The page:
by Matti Friedman
HOPE WEIGHS MORE in Israel than it does in other places. It means more. It was a brow-beaten hope for the future despite the present and past that sustained Jews in the Diaspora, and it was hope that brought us here, to this sun-drenched patch of angry land squeezed along the Mediterranean coast: Hope that we could take control of our history and build something new.
The hope poured into Israel’s foundations is expressed officially in our national anthem (“The Hope”), and unofficially in the all-purpose Israeli verbal remedy for pretty much everything: “yihyeh beseder” — things will be okay, a blithe faith that whatever the problem is, it will probably work itself out, and that even if it doesn’t, we’ll live. And so it is all the more jarring that over the past three and a half years, that precious material has become so scarce in this place.
When the spiral of nihilistic violence, known as the Second Intifada, erupted in the fall of 2000, it followed one of the most hopeful interludes in the country’s history. I did not realize that it was an interlude. I was barely 16 when the Oslo accords were signed, and I grew up knowing that this conflict was a problem on its way to being solved. There was a song popular here at that time: “Here they come, days of quiet,” went the words, “after the great and terrible noise. We can rest a bit on the balcony, and gather the pieces of the storm.”
I moved to Israel in 1995, at the height of that interlude. I visited Jordan and Egypt, and it seemed possible that the borders were blurring. Israelis were far from starry-eyed, but they were confident, and the concensus was that things were going to get better.
Then this war started, and Israelis began to look like Jews again: Haunted by our past, still running, the Holocaust etched across our collective psyche like a jagged scar. “They have always hated us and they always will,” people were saying, people who had voted for Rabin a few years earlier, and they meant the Palestinians and all of the Arabs and the Germans and the French and the world. You could try to look for positive signs, for lone voices on the Palestinian side calling for moderation, for hints of quiet, and then they would inevitably be shattered by an explosion in Jerusalem or Gaza and blood on the sidewalk, and then more, and then more. Like all of my friends, I tried not to let terror destroy my routine or crack my sanity. I kept going, and living, and stopped letting things get to me, and when I looked up I realized that none of us really had any optimism left. I haven’t heard anyone say “yihyeh beseder” about the state of the nation in a very long time.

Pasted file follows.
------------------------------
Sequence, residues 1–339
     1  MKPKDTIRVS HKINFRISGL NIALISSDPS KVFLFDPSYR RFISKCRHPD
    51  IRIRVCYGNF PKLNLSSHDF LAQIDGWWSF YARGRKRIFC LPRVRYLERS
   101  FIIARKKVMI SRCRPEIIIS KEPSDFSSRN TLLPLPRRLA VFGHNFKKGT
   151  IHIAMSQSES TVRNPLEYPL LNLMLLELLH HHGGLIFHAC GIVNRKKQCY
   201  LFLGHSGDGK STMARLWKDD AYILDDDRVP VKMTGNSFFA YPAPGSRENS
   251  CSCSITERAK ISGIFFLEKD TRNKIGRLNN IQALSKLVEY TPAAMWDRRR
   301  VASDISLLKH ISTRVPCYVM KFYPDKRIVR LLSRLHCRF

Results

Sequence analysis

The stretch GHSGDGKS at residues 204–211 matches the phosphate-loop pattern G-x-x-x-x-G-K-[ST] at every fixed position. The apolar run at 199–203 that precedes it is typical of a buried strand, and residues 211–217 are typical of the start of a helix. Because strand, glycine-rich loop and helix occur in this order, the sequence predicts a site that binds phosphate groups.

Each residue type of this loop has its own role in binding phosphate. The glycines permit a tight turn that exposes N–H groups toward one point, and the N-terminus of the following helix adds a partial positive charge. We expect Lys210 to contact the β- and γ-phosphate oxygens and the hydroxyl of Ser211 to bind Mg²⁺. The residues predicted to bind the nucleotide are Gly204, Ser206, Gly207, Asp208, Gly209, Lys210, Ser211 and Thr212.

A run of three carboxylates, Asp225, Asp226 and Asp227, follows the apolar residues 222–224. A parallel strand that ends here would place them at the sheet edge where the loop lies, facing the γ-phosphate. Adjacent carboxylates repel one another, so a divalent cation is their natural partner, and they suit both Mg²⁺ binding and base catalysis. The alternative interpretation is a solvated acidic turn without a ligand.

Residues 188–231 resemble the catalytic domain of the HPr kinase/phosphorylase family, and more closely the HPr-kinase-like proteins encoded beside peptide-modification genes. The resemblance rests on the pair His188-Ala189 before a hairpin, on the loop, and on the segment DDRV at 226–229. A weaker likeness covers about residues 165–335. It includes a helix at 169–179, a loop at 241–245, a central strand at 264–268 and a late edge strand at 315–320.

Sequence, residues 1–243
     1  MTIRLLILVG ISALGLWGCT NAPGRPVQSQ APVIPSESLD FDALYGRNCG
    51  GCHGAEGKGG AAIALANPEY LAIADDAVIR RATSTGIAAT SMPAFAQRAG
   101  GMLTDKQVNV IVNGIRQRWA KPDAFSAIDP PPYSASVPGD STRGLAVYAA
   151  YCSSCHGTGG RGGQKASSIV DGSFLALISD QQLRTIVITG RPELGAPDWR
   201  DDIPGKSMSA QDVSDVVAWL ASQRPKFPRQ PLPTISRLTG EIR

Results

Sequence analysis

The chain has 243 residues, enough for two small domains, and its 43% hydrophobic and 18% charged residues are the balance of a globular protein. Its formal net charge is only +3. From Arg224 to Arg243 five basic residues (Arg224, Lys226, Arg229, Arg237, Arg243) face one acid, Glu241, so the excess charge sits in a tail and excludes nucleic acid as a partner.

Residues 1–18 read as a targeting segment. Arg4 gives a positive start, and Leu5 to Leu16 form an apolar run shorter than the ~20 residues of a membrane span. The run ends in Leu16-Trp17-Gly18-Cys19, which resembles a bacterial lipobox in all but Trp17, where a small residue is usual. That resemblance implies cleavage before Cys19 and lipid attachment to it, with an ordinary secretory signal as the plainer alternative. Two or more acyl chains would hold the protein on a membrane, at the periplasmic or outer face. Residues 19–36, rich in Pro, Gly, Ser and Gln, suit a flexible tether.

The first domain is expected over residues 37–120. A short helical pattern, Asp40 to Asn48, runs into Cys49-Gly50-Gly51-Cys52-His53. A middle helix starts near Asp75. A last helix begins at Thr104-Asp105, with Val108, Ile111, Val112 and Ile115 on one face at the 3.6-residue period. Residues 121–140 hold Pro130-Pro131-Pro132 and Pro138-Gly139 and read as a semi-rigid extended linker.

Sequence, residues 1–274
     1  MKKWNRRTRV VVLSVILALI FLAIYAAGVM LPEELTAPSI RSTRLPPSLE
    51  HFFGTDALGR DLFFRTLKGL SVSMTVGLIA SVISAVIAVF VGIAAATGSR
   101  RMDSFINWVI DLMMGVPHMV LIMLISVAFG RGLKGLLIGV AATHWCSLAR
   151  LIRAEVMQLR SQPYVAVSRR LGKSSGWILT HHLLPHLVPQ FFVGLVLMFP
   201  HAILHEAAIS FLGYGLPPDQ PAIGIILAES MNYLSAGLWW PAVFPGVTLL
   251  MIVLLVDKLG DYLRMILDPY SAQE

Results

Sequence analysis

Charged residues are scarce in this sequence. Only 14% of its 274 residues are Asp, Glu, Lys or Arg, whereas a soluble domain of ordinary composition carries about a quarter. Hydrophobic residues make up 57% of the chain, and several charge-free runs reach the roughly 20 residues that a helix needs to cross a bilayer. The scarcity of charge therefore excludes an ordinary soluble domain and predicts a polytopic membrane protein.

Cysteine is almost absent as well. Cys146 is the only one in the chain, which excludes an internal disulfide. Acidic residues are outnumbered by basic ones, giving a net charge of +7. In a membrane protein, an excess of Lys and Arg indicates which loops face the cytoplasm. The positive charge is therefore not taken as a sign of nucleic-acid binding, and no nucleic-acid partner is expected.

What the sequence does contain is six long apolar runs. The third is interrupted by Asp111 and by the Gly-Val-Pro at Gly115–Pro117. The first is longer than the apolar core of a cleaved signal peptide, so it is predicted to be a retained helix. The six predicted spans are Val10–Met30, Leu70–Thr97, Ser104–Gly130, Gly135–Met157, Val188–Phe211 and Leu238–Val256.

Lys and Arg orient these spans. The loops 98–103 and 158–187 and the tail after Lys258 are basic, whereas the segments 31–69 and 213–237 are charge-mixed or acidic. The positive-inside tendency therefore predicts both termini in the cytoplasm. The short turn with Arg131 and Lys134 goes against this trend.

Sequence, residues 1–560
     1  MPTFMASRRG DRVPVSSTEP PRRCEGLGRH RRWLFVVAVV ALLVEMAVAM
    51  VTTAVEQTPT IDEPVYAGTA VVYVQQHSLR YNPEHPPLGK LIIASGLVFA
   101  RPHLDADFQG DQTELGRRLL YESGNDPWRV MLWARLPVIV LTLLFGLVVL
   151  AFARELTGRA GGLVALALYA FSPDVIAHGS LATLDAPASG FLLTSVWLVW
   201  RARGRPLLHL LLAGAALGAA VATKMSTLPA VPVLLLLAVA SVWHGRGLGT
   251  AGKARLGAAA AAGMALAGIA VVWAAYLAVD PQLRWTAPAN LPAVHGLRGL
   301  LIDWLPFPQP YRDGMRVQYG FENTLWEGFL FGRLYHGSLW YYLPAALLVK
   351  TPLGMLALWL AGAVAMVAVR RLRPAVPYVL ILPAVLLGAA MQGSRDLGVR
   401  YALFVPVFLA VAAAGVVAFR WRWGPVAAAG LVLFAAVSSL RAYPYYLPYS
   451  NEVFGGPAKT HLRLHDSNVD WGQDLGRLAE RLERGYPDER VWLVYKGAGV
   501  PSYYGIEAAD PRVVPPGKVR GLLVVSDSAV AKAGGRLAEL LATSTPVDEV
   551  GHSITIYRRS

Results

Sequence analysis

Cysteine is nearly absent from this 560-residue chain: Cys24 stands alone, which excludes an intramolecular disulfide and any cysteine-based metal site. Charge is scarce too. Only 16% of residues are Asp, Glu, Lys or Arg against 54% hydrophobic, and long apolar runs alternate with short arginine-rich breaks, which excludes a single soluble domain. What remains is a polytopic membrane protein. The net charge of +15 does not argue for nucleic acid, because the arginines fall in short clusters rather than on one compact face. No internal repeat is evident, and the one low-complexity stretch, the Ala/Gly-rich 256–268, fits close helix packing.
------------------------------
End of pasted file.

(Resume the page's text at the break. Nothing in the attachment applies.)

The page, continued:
But I have sensed a change in the air over the past year. Israelis are an incredibly resilient bunch, with the supernatural powers of denial that one needs to board a city bus the morning after one blew up down the street. After more than three years of this violence, it seems to me that people here are stronger than they were — certainly not happier, but stronger. People ride the buses and go to the beach. The cafés in Jerusalem have inched back to full capacity, and it seems like a new café opens every week.
The panic that existed at first, the existential musings about the future of the Jewish State, have receded, replaced by a belief that we have seen the worst they can do to us and by the knowledge that we are still here. We have become inured to the suffering of our own and oblivious to the suffering of others, but we are still here. Other societies would have imploded out of fear and rage from far less. Israel is intact, and functioning, and if Hamas terrorists blow up a bus next week — and they might — we will pick up the pieces and tow the blackened hulk away and keep going. Our senses have been deadened, and this contains both a great sadness and a grim strength. No one expects peace anymore, but we expect to survive. That may be a poor excuse for hope, but it is far from insignificant. It will have to do for now.email print